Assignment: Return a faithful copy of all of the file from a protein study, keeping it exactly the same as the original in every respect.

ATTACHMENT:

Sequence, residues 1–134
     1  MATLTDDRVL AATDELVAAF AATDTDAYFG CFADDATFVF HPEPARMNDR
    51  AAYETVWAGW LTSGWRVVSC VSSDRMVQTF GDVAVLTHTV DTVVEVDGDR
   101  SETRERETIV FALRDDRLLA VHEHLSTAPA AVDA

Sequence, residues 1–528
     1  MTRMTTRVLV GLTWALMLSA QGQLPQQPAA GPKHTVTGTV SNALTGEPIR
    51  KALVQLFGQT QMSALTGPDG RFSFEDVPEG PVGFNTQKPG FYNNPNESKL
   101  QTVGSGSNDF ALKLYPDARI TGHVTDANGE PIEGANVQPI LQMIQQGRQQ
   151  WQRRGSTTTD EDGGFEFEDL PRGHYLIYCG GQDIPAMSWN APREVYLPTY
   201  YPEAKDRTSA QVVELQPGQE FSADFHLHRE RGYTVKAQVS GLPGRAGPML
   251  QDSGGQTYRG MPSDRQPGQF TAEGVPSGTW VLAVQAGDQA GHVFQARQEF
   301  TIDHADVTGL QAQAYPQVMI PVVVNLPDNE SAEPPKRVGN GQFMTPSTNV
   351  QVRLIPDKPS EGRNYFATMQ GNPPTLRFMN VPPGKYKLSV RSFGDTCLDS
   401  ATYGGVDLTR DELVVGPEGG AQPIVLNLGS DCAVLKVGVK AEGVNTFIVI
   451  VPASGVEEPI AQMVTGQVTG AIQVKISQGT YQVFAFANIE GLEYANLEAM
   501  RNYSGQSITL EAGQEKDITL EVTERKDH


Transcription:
Sequence, residues 1–134
     1  MATLTDDRVL AATDELVAAF AATDTDAYFG CFADDATFVF HPEPARMNDR
    51  AAYETVWAGW LTSGWRVVSC VSSDRMVQTF GDVAVLTHTV DTVVEVDGDR
   101  SETRERETIV FALRDDRLLA VHEHLSTAPA AVDA

Sequence, residues 1–528
     1  MTRMTTRVLV GLTWALMLSA QGQLPQQPAA GPKHTVTGTV SNALTGEPIR
    51  KALVQLFGQT QMSALTGPDG RFSFEDVPEG PVGFNTQKPG FYNNPNESKL
   101  QTVGSGSNDF ALKLYPDARI TGHVTDANGE PIEGANVQPI LQMIQQGRQQ
   151  WQRRGSTTTD EDGGFEFEDL PRGHYLIYCG GQDIPAMSWN APREVYLPTY
   201  YPEAKDRTSA QVVELQPGQE FSADFHLHRE RGYTVKAQVS GLPGRAGPML
   251  QDSGGQTYRG MPSDRQPGQF TAEGVPSGTW VLAVQAGDQA GHVFQARQEF
   301  TIDHADVTGL QAQAYPQVMI PVVVNLPDNE SAEPPKRVGN GQFMTPSTNV
   351  QVRLIPDKPS EGRNYFATMQ GNPPTLRFMN VPPGKYKLSV RSFGDTCLDS
   401  ATYGGVDLTR DELVVGPEGG AQPIVLNLGS DCAVLKVGVK AEGVNTFIVI
   451  VPASGVEEPI AQMVTGQVTG AIQVKISQGT YQVFAFANIE GLEYANLEAM
   501  RNYSGQSITL EAGQEKDITL EVTERKDH